Globalization and endogenous regional growth
The aim of this paper is to analyze the endogenous factors allowing regions to compete successfully in a globalized economy. These factors are expected to vary across different groups of regions, due to their different specialization and different endowment of structural connections with the world; for this reason, our analysis is conducted for all regions of Europe but also by groups, by considering separately regions with specialization in the most performing sectors and an high endowment of connections (â€šÃ„Ã²global playersâ€šÃ„Ã´) and regions with the right specialization in the most performing sectors but little endowed with connections (â€šÃ„Ã²regional playersâ€šÃ„Ã´). We expect the role of other regions to be marginal, since they donâ€šÃ„Ã´t have the features to compete in the global economy and their growth will hence be pulled by exogenous factors. As a first step in the analysis, we will use descriptive statistical analysis to evidence the characteristics of regions which have successfully confronted with globalization. For global players and regional players separately, we will evidence which structural characteristics are significantly different for those regions which have on average outperformed the others in the two economic indicators of employment growth and productivity growth (which makes them also have an higher than average GDP growth). Moreover, a cluster analysis on structural features and past performance will allow us to identify common structure and behaviors among groups of global players and regional players. The second step of the analysis will involve the use of explicative econometric techniques to identify which structural characteristics have determined the higher performance of some regions with respect to others, despite belonging to the same category. We will hence regress regional performances on a number of globalization-related variables, such as regional FDI investment, functional upgrading, sectoral structural restructuring, innovation capability, infrastructure endowment. The paper will conclude with the policy implications coming from this work, which we expect to be differentiated for different groups of regions, able to play a different role in the global economy.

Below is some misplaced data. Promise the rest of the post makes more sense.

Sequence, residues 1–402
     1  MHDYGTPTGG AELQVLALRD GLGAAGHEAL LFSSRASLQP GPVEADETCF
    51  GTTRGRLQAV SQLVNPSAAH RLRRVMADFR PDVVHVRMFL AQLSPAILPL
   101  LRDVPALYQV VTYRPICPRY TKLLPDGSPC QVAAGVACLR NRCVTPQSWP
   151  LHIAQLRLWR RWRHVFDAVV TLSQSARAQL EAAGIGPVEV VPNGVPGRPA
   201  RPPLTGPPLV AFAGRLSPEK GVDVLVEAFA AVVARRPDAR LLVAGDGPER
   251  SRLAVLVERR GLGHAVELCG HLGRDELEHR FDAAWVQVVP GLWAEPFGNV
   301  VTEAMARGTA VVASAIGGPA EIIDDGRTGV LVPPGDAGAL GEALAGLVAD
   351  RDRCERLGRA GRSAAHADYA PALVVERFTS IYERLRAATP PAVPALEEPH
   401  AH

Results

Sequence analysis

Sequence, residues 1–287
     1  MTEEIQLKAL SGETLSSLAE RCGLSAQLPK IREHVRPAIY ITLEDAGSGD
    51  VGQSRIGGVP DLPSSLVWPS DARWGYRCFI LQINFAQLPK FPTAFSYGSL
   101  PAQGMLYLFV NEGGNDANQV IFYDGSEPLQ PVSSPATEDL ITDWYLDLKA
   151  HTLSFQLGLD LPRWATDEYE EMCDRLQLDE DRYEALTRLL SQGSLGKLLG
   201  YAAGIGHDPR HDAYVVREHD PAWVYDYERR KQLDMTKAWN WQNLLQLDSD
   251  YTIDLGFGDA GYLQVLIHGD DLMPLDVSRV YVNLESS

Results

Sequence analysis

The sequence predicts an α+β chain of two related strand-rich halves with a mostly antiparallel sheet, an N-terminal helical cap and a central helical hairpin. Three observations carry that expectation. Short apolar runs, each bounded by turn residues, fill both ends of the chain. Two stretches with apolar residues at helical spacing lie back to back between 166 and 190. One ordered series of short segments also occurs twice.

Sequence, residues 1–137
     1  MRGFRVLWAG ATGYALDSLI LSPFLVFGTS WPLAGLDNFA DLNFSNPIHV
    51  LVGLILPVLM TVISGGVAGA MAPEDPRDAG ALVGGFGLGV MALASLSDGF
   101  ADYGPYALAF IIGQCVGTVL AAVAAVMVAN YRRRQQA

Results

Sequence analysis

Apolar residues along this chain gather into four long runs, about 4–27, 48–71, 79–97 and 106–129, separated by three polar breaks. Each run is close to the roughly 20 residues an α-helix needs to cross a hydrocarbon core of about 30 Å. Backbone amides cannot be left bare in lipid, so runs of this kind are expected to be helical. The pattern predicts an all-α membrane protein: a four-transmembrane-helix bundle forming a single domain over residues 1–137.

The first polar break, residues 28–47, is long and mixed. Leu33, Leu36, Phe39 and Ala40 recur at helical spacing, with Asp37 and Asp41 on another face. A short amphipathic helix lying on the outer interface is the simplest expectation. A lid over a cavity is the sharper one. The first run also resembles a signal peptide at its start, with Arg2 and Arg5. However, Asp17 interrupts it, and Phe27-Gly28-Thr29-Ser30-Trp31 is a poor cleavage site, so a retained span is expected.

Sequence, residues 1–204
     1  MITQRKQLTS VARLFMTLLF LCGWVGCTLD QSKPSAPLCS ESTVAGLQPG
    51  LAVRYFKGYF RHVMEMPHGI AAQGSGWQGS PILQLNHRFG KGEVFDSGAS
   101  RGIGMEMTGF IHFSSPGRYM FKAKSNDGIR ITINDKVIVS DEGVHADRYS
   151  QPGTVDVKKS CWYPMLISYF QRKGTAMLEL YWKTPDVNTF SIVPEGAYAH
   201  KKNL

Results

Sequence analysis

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- Alberto Alesina & Eliana La Ferrara, 2000.
"Participation in Heterogeneous Communities,"
The Quarterly Journal of Economics,
Oxford University Press, vol. 115(3), pages 847-904.
- Alberto Alesina & Eliana La Ferrara, "undated". "Participation in Heterogeneous Communities," Working Papers 151, IGIER (Innocenzo Gasparini Institute for Economic Research), Bocconi University.
- La Ferrara, Eliana & Alesina, Alberto, 2000. "Participation in Heterogeneous Communities," Scholarly Articles 4551796, Harvard University Department of Economics.
- Alberto Alesina & Eliana La Ferrara, 1999. "Participation in Heterogeneous Communities," NBER Working Papers 7155, National Bureau of Economic Research, Inc.
- Melissa Osborne & Herbert Gintis & Samuel Bowles, 2001. "The Determinants of Earnings: A Behavioral Approach," Journal of Economic Literature, American Economic Association, vol. 39(4), pages 1137-1176, December.
- Bode, Eckhardt & Krieger-Boden, Christiane & Siedenburg, Florian & Soltwedel, Rüdiger, 2005. "European Integration, regional structural change and cohesion in France," Open Access Publications from Kiel Institute for the World Economy 3764, Kiel Institute for the World Economy (IfW).
- Damien Neven & Claudine Gouyette & Jean Pisani-Ferry, 1994. "European Integration and Regional Growth," Revue Économique, Programme National Persée, vol. 45(3), pages 703-713. Full references (including those not matched with items on IDEAS)
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